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Forest change in the Greater Mekong Subregion (GMS)










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    Book (stand-alone)
    Understanding the impact of planted forest on smallholder livestock farmers and their livelihoods in the Greater Mekong Subregion 2021
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    Significant forest change in the Greater Mekong Subregion (GMS) has resulted in deforestation of primary forests and expansion of plantation forests. Although plantation forest development benefits rural communities through income generation and employment opportunities, there have been negative impacts, including reductions in livestock grazing land and collection of non-timber forest products. This study analysed the association between primary forests, plantation forests, grazing areas and large ruminant populations in Cambodia, Lao PDR and Viet Nam. The report showed that livestock populations in the GMS are dynamic and have been under pressure due to enhanced trade and demand in red meat in China and Viet Nam, with a generally positive association between planted forest areas and populations of cattle and buffalo in Lao PDR and Viet Nam indicated. Tree plantations were an important source of income and generally perceived as having a positive impact on rural livelihoods, despite negatively impacts in grazing land availability. It is recommended that integrative approaches that include the collection of household level data to assess the impact on smallholder livelihoods and the collection of regional level data to capture forest changes in future forest assessments, enabling a more comprehensive understanding of the association between primary forests and planted forest on smallholder livestock production. Silvopastoral models have the potential to provide more viable and sustainable alternatives to the current forestry and livestock production models, supporting the transformation to more sustainable agriculture for better production, better environment, and sustainable development goals in GMS countries and beyond.
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    Assessing the Protection of Forest-based Environmental Services in the Greater Mekong Subregion 2009
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    This paper examines the drivers of deforestation and the loss of forest services, and the various mechanisms that exist to protect forests in the Greater Mekong Subregion (GMS). In most cases policy mechanisms play a greater role in forest protection than payment for environmental services (PES) which has yet to develop in the subregion. Scenarios presented suggest that higher income countries will have much greater scope in protecting forest environmental services that low income countries.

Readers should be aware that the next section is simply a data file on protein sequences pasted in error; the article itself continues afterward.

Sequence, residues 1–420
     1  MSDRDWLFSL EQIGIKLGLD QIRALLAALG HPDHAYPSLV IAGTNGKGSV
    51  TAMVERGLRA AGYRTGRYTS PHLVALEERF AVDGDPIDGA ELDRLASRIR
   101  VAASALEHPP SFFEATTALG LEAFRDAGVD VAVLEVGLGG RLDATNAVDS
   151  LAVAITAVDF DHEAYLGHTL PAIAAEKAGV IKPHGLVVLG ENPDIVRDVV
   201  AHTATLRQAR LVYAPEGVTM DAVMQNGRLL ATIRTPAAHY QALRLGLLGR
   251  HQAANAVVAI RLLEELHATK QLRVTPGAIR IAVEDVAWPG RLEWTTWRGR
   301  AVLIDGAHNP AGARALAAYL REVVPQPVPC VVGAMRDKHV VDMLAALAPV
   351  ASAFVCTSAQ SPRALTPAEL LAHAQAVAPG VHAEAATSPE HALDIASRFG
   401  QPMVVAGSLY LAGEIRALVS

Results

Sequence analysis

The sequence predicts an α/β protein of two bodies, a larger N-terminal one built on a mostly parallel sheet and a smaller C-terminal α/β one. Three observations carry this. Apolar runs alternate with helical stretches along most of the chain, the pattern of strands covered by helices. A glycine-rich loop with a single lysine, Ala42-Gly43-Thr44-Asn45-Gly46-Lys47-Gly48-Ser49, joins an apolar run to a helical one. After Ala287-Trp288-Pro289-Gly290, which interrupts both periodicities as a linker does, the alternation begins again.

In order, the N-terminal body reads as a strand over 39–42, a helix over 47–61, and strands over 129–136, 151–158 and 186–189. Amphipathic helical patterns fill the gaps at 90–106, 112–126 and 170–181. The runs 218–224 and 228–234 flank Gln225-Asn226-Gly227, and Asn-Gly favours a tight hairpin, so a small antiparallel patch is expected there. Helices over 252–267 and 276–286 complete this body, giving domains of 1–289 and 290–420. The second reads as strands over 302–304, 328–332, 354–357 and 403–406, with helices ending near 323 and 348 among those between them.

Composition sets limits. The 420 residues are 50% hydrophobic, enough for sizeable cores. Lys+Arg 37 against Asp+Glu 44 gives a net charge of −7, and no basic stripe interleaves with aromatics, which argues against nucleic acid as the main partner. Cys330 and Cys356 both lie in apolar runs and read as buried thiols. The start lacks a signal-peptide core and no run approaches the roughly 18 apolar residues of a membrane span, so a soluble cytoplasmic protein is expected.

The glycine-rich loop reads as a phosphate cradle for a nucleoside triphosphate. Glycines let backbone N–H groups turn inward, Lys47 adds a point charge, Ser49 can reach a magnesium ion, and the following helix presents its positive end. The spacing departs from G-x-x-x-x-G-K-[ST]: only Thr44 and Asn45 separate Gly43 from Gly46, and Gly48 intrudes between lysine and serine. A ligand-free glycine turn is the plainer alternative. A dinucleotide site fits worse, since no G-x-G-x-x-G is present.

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    Book (stand-alone)
    Forests and forestry in the Greater Mekong Subregion to 2020
    Subregional report of the second Asia-Pacific forestry sector outlook study
    2011
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    In the 12 years since the first Asia-Pacific Forestry Sector Outlook Study was completed in 1998, the region has experienced tremendous changes in nearly every aspect. These changes have been particularly profound in the forestry sector, where society has dramatically increased its demands and expanded its expectation of forests and forestry. This subregional report for the Greater Mekong Subregion (GMS) summarizes the key findings and results collated under the second Asia-Pacific Forestry S ector Outlook Study - a comprehensive effort spanning nearly four years and involving all member countries of the Asia-Pacific Forestry Commission. The current report synthesizes observations and findings from five GMS country reports, numerous thematic reports and a wide ranging review of current and past publications in providing analyses of the status and trends of forests and forestry in the GMS. The publication also analyses key factors driving changes in forestry in the region and sets out four scenarios for 2020: Hard times, Slow and steady, Overburn and Living on the edge. The report also outlines priorities and strategies to move the subregion's forestry sector onto a more sustainable footing and to provide continued benefits to future generations.

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